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Simply put, "Louie Bluie" is one of the best usages of film ever.
This movie is introduced by director Terry Zwigoff ("Crumb") as a search for 1930s bluesman Howard "Louie Bluie" Armstrong and the style of music known as "string-blues. However, it rapidly evolves into more than the average documentary on music.
Much of the credit has to go to Armstrong. As a 75-year-old mandolin and violin virtuoso, painter, poet, and all-around hellraiser, Armstrong bursts onto the screen as a celebration of life itself. The stories told by him and his musican friends would bury any manufactured Hollywood script.
Credit also goes to Zwigoff who allows himself to be second to his main character and the stories he tells. His filming is effortless so the view feels incredibly close to the characters and the subject at hand. Furthermore, the director is able to involve issues such as racism and discriminary practices of the past without being overbearing or losing the upbeat nature of the film.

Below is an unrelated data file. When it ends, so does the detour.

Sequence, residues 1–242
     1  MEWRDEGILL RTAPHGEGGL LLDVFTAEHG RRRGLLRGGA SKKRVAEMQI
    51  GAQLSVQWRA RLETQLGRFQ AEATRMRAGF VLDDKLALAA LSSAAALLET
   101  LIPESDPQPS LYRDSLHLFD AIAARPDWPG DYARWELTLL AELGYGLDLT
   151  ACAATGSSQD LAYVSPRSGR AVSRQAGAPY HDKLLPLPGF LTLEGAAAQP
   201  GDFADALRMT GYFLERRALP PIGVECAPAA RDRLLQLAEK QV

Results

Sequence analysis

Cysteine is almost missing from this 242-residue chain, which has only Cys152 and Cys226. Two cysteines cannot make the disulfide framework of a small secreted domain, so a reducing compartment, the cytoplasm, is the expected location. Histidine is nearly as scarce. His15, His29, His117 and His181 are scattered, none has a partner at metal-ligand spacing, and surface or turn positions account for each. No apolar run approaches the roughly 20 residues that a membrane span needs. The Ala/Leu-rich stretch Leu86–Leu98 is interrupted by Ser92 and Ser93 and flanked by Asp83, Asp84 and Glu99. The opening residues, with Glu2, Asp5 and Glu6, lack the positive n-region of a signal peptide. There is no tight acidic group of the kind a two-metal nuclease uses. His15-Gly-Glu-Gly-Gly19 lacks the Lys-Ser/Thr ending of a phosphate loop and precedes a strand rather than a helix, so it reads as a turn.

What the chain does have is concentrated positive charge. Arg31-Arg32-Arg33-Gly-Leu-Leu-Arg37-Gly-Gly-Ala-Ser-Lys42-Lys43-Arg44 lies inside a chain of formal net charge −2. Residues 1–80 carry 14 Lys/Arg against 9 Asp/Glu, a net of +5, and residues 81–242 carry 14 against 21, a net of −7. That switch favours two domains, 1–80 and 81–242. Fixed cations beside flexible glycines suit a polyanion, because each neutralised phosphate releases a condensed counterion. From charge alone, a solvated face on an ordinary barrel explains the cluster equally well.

Zwigoff is well-rewarded for his efforts. Not only do we learn about the world of string-blues, but we also discover that the African-American based string-blues (which we get ample helpings) was highly influencial on country music. Even more fascinating is Armstrong's discussion with fellow musician Ted "Dark Gable" Bogan on how black musicians would avoid 1930s racism by learning the languages of immigrant groups.
I cannot say enough of this film other than that I only wish that Hollywood could find more characters as interesting and witty Howard Armstrong and more caring directors like Terry Zwigoff. If only more films, documentary or otherwise, could be like "Louie Bluie"...
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